- It’s easy to do so
- It’s already written
- Typos have been removed (mostly!)
- It’s quick to do.
Here’s why you should never cut and paste your executive job description in your resume:
- A job description is not always accurate. People always bring their own skills to a role and through that, roles evolve. This means what you have personally brought to the job will simply never show on the paper.
- Job descriptions do not appraise or highlight your performance. They simply convey the minimum tasks you were required to perform. Nothing says fabulous employee like “minimum task” performer.
- A job description is like reading the telephone book. Dull, uninspiring, a slog to read, filled with mumbo-jumbo business-speak used in that company that no-one typically understands other than the people who work there.
So for expediency….
- You want to bore the reader of your resume senseless (the person who is going to call you for an interview)
- You’re going to tell them what you’re supposed to do, and
- You’re going to keep your achievements under wraps.
Hmmm… that sounds like a pretty poor strategy.
What if there was an easy way to turn your boring, oh-so-dull executive job description into a series of powerful bullet points?
Well, there is a way! You just have to ask yourself three short questions that start with Why, How and Who.
That’s it. That’s the secret. Those questions are:
- Why did I?
- How did I? or How well did I?
- Who benefited?
Have a look at a standard executive job description that I found on the internet just now with those questions highlighted.
- Why did I….Develop an operational plan which incorporates goals and objectives that work towards the strategic direction of the organization. Who benefited?
- How did I? Ensure that the operation of the organization meets the expectations of its clients, Board and Funders. Who benefited?
- How well did I… Oversee the efficient and effective day-to-day operation of the organization? Who benefited?
- How well did I… Draft policies for the approval of the Board and prepare procedures to implement the organisational policies; why did I… review existing policies on an annual basis and recommend changes to the Board as appropriate. Who benefited?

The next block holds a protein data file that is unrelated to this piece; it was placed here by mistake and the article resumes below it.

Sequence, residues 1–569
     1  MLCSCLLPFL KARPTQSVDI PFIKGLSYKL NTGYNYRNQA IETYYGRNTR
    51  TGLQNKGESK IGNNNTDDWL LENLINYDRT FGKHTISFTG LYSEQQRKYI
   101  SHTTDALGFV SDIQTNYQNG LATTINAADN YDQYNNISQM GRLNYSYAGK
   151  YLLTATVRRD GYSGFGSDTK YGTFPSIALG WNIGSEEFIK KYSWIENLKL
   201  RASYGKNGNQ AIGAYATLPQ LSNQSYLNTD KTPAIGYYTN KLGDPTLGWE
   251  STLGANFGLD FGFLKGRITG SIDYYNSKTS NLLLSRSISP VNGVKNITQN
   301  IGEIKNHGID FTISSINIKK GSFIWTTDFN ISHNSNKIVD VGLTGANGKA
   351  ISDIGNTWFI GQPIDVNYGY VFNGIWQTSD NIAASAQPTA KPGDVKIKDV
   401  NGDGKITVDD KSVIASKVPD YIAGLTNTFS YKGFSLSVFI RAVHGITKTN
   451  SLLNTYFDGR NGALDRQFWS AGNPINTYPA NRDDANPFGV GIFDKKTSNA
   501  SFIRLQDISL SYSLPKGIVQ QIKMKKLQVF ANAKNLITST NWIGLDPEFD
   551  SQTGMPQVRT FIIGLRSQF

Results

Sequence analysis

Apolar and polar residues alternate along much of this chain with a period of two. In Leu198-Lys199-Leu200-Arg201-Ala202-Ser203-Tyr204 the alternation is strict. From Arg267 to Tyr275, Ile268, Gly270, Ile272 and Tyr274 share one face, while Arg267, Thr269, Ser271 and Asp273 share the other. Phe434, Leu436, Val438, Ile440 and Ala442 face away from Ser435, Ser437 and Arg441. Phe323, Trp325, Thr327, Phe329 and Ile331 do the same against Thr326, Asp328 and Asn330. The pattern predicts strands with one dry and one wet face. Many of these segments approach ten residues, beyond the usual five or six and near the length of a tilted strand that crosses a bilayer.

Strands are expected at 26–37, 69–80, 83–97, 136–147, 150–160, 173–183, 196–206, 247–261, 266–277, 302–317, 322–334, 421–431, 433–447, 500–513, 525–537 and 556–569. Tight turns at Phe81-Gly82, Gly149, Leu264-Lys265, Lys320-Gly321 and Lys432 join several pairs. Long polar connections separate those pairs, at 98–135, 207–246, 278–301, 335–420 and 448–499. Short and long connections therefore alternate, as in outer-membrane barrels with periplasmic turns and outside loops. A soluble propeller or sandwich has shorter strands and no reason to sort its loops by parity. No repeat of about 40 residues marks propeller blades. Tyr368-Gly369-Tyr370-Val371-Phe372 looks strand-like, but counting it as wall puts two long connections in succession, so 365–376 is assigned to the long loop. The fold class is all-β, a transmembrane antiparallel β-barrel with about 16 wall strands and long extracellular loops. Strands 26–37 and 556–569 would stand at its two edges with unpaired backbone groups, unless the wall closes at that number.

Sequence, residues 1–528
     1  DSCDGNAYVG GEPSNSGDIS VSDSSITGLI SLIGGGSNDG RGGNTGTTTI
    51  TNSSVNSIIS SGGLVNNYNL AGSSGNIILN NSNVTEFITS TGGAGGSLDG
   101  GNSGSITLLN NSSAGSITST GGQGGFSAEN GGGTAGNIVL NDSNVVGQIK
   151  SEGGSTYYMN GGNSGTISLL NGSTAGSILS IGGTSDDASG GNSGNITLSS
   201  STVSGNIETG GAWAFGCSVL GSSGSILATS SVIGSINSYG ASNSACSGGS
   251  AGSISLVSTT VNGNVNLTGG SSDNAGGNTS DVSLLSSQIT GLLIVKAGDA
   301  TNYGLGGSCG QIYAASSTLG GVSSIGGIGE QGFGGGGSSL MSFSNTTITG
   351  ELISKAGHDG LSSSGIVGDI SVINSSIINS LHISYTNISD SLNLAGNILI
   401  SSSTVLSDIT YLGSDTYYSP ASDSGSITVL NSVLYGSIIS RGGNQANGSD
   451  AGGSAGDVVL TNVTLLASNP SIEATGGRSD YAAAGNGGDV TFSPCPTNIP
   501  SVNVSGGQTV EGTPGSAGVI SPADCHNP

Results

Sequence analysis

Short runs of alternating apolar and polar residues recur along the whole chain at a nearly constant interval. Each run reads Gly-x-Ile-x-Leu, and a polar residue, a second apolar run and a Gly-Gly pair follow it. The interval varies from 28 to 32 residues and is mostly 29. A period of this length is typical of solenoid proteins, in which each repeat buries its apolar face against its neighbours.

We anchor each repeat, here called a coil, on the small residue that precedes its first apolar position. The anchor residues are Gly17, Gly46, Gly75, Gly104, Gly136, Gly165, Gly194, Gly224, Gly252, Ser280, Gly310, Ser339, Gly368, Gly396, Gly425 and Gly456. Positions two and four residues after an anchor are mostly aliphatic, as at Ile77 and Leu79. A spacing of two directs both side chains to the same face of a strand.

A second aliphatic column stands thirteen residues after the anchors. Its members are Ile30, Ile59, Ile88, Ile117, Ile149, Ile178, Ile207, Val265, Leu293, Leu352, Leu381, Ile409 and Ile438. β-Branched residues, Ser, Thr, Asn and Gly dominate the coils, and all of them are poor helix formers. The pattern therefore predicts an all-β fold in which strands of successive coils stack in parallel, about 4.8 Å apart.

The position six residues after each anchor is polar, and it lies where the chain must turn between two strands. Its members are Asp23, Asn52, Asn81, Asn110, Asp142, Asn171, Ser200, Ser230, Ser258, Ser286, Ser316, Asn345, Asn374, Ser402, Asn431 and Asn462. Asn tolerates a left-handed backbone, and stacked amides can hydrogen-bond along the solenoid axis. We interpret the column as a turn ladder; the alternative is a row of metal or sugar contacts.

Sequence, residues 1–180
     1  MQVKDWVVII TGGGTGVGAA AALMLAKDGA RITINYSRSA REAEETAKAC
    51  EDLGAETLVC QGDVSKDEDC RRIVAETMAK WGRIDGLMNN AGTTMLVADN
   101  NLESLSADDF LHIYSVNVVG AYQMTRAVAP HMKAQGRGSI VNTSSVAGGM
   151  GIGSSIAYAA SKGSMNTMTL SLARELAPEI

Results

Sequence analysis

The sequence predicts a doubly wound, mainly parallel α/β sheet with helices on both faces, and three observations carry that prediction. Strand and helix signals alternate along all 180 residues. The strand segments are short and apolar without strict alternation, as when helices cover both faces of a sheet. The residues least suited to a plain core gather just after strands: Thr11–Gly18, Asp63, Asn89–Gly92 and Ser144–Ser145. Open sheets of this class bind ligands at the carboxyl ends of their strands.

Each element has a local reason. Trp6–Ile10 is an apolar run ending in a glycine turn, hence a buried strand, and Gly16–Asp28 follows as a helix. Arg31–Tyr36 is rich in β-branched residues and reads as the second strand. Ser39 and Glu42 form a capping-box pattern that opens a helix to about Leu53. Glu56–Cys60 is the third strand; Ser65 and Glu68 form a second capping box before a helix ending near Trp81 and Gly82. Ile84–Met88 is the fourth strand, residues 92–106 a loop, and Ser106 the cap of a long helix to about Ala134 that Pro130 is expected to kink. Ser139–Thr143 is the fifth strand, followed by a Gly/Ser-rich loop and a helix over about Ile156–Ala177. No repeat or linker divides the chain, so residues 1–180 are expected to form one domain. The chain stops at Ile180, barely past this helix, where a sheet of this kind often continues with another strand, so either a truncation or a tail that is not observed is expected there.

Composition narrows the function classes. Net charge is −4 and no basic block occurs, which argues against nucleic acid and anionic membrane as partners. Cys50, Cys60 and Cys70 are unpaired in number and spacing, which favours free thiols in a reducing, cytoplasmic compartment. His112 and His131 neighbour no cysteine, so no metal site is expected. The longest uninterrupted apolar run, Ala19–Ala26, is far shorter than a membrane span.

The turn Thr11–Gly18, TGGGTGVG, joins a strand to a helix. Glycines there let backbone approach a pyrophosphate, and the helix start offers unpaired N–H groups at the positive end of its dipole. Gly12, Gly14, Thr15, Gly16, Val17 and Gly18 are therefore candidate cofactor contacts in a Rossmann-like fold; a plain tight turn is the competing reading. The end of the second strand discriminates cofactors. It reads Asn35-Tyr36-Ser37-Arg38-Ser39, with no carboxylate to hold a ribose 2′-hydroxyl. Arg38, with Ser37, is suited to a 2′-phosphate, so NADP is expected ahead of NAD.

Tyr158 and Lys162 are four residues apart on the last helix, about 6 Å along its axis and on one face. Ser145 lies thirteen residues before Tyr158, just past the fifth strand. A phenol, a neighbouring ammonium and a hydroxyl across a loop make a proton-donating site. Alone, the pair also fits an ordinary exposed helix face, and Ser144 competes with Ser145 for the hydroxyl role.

- Why did I… Ensure that personnel, client, donor and volunteer files are securely stored and privacy/confidentiality is maintained. How well did I do this? Who benefited?
- How well did I… Provide support to the Board by preparing meeting agenda and supporting materials. Who benefited?
So now, a job description has prompted you to think more about what you’ve done.
Let’s look at a couple of examples and see how you can shape them to sell your competencies and achievements more effectively.
Why did I develop an operational plan?
I did it to improve the strategic direction of the organisation.
Because the organisation had been in a rut for years with no vision.
Who benefited? Shareholders, employers and customers.
This bullet point could now be:
- Provided the impetus that transformed a stagnant organisation into a one with vision and strategy. The new operational plan, incorporating goals and objectives, was praised for its contemporary approach toward engaging shareholders, employees and customers.
We’ll try the next bullet:
- Surpassed client, Board and funder expectations by steering a new operational blueprint governing individual ownership and championing a results-focus.
Try it yourself.
Asking yourself those three simple questions will allow you to build a strong and compelling focus around your talents and your successes. Something everyone wants to read.